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In Thawing Arctic, Fragile Food Web at Risk of Unraveling (Part II)

A fishing ban against Arctic cod may forestall trouble for the bottom of the food web. Higher up, seals are already disappearing from lack of snow and ice

By Bruce Barcott, OnEarth

Feb 24, 2011
Scientist with seal

The Arctic Ocean is so cold that only a handful of fish and marine mammals can survive there. Subsurface temperatures range from 37.4 degrees Fahrenheit on a warm summer day to 28.76 degrees, the freezing point of seawater.

In those extreme conditions, one fish species in the center of the Arctic food web is uniquely equipped to thrive: the Arctic cod.

A slender and smaller cousin of the Pacific and Atlantic cod, the Arctic cod is often seen near the underside of the ice, feeding on pteropods, copepods, krill, worms, and small fish. It uses cracks and seams in the ice much as tropical fish use a coral reef: as a refuge from predators.

Its survival in these heat-sapping waters depends on two things: blood and fat.

Arctic cod blood is a biological marvel. The fish survives thanks to a special protein that acts as an antifreeze, preventing the blood from crystallizing at temperatures below freezing. As for the fat, it is hard to overstate its importance to the health of the entire Arctic food web. Pound for pound, Arctic cod contain nearly twice the energy of groundfish like pollock, which thrive in the subarctic region of the North Pacific. For animals in the Arctic, where every calorie is dearly earned and spent, that's a massive bang for the buck.

The Bering Strait acts as the border between the Pacific and the Arctic Ocean. But man-made distinctions mean little in the biological world. What really separates Arctic from subarctic species is the Bering Sea cold pool, a tongue of near-freezing seawater that constantly expands and recedes south from the strait. During warmer summer months, some subarctic species like pollock and flounder can move into Arctic waters, but the winter cold pool eventually drives them back south.

Since the early 1980s, though, the cold pool has been in retreat. Rising air temperatures and the shrinking ice pack have pushed warmer waters more than 140 miles north of the cold pool’s mid-century baseline. At least 23 species in the Bering Sea have marched north, following the warming water. Pollock and arrowtooth flounder migrated 30 miles north. Arctic cod retreated, unable to compete with larger subarctic species.

Not all the news is bad, however. Arctic cod represent a most critical nexus point in the Arctic food web, and their place in the ecosystem has so far been well protected by both human and natural systems. In the past four years, the cold pool has regained some of its lost ground (possibly because of a shift in the Pacific Decadal Oscillation, an El Niño–like pattern of climate variability). But over the long term, fisheries scientists expect the cold pool to continue its northward retreat.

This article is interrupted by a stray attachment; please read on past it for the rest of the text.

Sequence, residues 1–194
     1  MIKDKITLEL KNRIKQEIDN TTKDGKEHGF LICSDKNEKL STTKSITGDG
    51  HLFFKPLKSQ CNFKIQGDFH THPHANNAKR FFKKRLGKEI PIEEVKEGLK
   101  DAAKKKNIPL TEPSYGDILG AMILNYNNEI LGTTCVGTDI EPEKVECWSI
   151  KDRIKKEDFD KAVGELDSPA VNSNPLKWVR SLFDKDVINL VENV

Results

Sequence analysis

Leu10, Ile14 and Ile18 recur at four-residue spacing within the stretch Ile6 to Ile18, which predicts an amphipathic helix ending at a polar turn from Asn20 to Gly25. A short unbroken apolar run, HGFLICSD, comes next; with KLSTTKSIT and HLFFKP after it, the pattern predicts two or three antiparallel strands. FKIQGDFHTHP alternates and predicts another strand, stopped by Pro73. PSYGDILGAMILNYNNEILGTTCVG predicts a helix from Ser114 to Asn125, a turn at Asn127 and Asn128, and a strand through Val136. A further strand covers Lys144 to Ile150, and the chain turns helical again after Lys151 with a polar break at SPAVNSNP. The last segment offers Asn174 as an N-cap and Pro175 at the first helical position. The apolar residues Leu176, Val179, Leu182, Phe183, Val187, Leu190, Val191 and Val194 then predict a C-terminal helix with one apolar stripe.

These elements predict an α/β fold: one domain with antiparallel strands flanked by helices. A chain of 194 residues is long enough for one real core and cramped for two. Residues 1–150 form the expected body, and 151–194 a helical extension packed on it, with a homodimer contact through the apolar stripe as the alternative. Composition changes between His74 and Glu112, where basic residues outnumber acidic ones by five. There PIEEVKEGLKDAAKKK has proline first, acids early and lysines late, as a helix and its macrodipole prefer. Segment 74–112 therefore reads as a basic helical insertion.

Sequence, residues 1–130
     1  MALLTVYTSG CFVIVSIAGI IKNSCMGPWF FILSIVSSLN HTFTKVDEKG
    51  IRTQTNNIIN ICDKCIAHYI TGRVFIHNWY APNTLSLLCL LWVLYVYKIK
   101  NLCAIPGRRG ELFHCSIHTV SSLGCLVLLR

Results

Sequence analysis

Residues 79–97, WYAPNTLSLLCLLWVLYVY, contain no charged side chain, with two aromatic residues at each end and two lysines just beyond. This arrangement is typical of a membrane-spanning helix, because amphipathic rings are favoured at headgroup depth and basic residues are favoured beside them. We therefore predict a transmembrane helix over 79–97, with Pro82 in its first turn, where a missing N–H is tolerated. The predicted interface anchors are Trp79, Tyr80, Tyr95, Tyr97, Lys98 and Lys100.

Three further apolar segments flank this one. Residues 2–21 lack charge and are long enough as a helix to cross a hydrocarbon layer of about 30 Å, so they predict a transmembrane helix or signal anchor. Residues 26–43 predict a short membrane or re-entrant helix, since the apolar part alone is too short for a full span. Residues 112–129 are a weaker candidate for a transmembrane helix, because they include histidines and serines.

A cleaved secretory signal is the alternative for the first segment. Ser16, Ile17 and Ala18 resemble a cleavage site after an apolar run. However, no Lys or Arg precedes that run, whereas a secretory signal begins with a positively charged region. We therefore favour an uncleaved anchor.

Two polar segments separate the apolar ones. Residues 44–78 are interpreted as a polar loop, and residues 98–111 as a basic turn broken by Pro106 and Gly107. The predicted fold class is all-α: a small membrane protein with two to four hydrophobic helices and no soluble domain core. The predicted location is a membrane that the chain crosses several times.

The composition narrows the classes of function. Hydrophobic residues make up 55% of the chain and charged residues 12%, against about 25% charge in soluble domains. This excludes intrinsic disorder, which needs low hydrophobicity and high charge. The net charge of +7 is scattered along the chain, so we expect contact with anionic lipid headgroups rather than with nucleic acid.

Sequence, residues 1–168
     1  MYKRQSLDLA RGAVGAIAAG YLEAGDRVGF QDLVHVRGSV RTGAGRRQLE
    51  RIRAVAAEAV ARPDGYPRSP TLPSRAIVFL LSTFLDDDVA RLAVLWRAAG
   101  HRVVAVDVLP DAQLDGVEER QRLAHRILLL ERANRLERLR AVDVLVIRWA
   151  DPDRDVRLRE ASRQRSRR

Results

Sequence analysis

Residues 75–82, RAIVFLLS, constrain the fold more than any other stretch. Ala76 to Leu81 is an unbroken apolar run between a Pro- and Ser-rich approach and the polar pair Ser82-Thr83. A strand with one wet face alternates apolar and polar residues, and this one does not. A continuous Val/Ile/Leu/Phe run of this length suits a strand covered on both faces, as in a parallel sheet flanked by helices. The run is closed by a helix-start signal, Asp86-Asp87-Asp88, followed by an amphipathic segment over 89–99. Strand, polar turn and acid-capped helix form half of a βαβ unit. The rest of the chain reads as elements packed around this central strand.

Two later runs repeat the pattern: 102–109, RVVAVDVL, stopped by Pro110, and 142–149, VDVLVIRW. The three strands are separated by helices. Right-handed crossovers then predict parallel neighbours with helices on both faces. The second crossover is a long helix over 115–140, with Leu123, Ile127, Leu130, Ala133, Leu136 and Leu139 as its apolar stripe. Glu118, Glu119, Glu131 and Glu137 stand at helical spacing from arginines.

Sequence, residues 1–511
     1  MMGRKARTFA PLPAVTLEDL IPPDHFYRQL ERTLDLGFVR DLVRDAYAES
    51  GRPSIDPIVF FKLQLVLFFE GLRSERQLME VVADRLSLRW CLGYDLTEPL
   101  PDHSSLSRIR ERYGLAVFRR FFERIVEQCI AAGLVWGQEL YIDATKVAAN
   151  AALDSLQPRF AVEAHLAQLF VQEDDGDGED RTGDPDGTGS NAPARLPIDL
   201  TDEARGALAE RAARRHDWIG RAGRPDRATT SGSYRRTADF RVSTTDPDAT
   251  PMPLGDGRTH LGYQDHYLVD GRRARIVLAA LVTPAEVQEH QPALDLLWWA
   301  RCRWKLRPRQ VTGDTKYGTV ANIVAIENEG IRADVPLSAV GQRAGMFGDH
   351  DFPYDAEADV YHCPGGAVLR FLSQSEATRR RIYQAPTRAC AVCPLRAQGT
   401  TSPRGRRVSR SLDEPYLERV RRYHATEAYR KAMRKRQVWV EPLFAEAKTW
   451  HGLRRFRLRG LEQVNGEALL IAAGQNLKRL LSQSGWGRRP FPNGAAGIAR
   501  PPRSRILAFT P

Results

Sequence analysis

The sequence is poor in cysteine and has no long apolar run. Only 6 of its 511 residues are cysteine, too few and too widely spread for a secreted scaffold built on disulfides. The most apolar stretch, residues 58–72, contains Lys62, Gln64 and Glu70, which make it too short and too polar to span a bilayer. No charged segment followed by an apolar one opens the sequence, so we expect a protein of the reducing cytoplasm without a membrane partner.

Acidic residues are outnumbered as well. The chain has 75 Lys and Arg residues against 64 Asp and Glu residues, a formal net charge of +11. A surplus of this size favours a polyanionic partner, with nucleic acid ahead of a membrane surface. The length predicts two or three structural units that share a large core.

There is a limit, though. "Above a certain latitude it still gets dark and cold enough in winter for seasonal ice to form, and that creates the cold pool," says Franz Mueter, a University of Alaska fisheries biologist who studies the state's Arctic and subarctic marine systems. "It's going to be a long time before you see the full year-round expansion of Bering Sea groundfish into the Arctic."

Arctic Cod Fishing Ban Could Forestall Trouble

Also in the Arctic cod's favor: a fishing ban. To prevent a free-for-all in newly ice-free waters, the North Pacific Fishery Management Council in 2009 banned all large-scale commercial fishing in American territorial waters above the Bering Strait.

Perhaps most important, the ban covers not just fish but "all other forms of marine animals and plant life." That may forestall the kind of trouble now brewing in the waters around Antarctica, where a fast-growing industrial krill fishery (it's sold as food for farmed salmon and pressed into oil for omega-3 supplements) threatens the base of the food chain in the southern ocean. Krill are less abundant in the Arctic, but the growing demand for the crustaceans could lead krill processors to turn their eyes to northern waters.

"Fishermen are frontiersmen," said Caleb Pungowiyi, former president of the Inuit Circumpolar Council, who was among those who fought for the ban. "They want to expand their territory. Before you allow any industrialized fisheries in the Arctic, you need to know the science on the stocks, how they can be sustainably fished."

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